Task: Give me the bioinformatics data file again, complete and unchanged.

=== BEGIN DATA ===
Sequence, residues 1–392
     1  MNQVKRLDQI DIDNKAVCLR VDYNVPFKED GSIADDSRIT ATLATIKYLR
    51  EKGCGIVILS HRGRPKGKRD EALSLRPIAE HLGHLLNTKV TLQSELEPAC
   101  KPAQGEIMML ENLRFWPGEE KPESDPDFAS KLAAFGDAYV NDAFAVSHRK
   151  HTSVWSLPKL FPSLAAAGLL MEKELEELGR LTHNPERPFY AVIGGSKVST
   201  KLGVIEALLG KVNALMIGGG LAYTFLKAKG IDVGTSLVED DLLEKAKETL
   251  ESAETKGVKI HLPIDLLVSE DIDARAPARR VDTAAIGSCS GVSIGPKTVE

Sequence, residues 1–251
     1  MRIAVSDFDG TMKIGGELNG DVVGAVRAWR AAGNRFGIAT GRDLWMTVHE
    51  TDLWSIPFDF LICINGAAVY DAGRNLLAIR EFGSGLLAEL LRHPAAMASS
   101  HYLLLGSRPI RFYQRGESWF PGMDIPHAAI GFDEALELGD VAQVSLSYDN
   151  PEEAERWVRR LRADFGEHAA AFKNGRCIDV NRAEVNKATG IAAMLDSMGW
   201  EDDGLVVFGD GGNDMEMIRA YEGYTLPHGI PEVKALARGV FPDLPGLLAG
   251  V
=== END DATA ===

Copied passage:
Sequence, residues 1–392
     1  MNQVKRLDQI DIDNKAVCLR VDYNVPFKED GSIADDSRIT ATLATIKYLR
    51  EKGCGIVILS HRGRPKGKRD EALSLRPIAE HLGHLLNTKV TLQSELEPAC
   101  KPAQGEIMML ENLRFWPGEE KPESDPDFAS KLAAFGDAYV NDAFAVSHRK
   151  HTSVWSLPKL FPSLAAAGLL MEKELEELGR LTHNPERPFY AVIGGSKVST
   201  KLGVIEALLG KVNALMIGGG LAYTFLKAKG IDVGTSLVED DLLEKAKETL
   251  ESAETKGVKI HLPIDLLVSE DIDARAPARR VDTAAIGSCS GVSIGPKTVE

Sequence, residues 1–251
     1  MRIAVSDFDG TMKIGGELNG DVVGAVRAWR AAGNRFGIAT GRDLWMTVHE
    51  TDLWSIPFDF LICINGAAVY DAGRNLLAIR EFGSGLLAEL LRHPAAMASS
   101  HYLLLGSRPI RFYQRGESWF PGMDIPHAAI GFDEALELGD VAQVSLSYDN
   151  PEEAERWVRR LRADFGEHAA AFKNGRCIDV NRAEVNKATG IAAMLDSMGW
   201  EDDGLVVFGD GGNDMEMIRA YEGYTLPHGI PEVKALARGV FPDLPGLLAG
   251  V